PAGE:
In this stimulating and imaginative narrative biography, author-playwright Griffin brings before us the man, as often as possible via his own words, throughout his long and energetic career at Oxford and Cambridge, particularly in his relations with friends, family, students, critics, editors, thus vividly revealing the warm personality of this keen logician with puckish humor (he once settled a dispute with a student by a sword). —PUBLISHERS WEEKLY.

The power of this tour de force comes from the art with which Mr. Griffin has surveyed the mountains of written material and carefully selected, according to appropriate chronology, those words and passages that mark the progress of Lewis’s life. —THOMAS H. STAEHL SJ, Catholic Book Club.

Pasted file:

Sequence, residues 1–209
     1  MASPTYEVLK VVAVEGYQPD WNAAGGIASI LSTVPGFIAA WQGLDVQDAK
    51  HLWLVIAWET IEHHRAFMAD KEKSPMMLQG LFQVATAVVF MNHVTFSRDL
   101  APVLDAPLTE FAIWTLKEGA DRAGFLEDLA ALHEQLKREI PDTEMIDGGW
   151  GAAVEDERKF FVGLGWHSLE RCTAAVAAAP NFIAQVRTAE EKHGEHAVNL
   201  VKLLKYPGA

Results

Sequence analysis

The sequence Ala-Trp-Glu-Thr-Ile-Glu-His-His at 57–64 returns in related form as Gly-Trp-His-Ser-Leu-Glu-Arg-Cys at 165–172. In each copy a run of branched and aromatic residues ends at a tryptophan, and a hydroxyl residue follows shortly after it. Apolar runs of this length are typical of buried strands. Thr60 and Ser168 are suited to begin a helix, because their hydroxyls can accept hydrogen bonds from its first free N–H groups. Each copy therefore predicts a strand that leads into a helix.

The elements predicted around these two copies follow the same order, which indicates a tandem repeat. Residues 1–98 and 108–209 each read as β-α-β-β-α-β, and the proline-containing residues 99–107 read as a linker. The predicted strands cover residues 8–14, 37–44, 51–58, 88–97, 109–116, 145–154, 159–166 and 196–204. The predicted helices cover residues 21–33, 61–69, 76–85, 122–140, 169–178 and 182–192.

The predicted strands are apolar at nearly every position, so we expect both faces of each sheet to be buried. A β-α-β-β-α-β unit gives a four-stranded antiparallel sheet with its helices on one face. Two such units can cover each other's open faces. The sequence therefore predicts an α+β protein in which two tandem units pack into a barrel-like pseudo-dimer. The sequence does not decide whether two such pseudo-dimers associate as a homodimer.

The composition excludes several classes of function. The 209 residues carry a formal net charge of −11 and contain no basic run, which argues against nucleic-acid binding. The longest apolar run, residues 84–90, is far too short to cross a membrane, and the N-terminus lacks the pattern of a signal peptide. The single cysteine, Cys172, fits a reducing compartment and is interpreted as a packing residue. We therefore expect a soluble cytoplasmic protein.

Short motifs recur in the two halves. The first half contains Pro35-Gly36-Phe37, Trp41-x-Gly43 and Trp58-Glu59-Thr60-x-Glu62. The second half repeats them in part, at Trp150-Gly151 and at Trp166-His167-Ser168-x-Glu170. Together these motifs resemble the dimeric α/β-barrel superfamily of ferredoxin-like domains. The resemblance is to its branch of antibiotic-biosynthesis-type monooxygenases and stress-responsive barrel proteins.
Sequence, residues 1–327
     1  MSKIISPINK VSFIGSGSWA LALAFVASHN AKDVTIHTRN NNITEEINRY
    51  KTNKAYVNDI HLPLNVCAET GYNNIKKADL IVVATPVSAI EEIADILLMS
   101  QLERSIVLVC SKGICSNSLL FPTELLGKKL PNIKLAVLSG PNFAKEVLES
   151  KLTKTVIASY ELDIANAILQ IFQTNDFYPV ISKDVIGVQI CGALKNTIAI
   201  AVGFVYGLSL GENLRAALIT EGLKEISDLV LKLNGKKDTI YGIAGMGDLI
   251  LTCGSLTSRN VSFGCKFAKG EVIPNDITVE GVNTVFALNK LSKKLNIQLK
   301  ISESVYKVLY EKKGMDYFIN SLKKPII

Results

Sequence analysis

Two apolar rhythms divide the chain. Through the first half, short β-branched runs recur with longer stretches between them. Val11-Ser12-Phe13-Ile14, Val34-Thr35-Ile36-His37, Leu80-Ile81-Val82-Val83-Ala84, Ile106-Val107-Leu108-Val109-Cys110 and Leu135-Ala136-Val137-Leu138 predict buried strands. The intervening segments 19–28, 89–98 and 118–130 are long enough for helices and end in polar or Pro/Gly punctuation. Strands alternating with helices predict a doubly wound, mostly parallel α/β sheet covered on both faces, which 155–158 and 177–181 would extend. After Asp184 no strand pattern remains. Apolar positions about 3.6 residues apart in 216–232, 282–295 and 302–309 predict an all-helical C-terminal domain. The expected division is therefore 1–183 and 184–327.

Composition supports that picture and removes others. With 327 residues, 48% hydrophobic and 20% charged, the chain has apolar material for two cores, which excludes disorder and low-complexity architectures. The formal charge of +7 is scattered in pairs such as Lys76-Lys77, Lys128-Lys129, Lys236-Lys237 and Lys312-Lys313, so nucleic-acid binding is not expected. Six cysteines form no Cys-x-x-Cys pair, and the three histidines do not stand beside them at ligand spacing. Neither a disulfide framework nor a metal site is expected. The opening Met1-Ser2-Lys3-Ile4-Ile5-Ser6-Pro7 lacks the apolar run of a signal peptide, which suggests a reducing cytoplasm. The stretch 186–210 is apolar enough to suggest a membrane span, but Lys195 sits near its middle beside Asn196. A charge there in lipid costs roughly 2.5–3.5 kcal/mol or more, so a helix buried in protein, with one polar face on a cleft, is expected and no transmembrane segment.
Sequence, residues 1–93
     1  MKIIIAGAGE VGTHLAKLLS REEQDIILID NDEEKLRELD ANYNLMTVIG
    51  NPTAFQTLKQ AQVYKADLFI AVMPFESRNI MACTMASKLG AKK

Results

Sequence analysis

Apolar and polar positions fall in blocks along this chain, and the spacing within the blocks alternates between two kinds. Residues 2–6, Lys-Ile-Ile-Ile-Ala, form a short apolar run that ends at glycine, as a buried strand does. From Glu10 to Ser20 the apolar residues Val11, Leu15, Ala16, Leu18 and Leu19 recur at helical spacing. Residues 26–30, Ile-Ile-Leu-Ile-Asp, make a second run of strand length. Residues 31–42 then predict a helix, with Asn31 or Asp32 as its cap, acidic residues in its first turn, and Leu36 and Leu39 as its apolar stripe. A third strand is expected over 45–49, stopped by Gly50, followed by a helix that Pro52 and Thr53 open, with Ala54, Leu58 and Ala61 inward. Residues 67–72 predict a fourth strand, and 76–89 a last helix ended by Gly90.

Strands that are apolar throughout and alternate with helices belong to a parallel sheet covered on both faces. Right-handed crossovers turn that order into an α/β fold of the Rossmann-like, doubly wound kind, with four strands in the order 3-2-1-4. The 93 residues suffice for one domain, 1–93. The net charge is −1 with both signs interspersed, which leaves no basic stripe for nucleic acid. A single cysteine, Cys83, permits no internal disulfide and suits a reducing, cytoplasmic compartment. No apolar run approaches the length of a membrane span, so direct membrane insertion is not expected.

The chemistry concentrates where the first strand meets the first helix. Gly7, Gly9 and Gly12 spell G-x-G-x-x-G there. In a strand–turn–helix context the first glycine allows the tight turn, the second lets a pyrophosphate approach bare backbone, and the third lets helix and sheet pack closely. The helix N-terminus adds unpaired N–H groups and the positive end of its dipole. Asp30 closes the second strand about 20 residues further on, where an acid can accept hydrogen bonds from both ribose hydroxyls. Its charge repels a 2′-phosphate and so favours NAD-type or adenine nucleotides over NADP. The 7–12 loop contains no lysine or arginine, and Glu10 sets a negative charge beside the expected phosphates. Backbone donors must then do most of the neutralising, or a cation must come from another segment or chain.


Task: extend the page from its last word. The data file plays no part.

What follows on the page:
I hesitate to call this book “exhaustive” because all too often that term suggests “exhausting.” This biography of C.S. Lewis is indeed exhaustive, but it is also enthralling, even for one who has read other biographies and memoirs of Lewis, along with published letters of that distinguished scholar, novelist, poet, and friend…. In my judgment…this will stand for a long time as the definitive biography of Lewis, not only because of its meticulous scholarship but because of the grace and vigor of its style and the strength of its characterization. —MARY MCDERMOTT, Christian Century.

William Griffin has written a crisp and moving account, and he says he wrote it for Americans…. Griffin is…to be commended for trying something original. He has not written a traditional biography, a selectively styled literary biography, a dangerously tricky spiritual biography, or the popular life and times. Avoiding preachiness, omniscience, and tedious digressions, Griffin has opted to let C.S. Lewis do the talking…. Griffin’s approach pleases because it is new, and it keeps the reader focussed on Lewis rather than the musings of the author. —LYLE DORSETT, Christianity Today.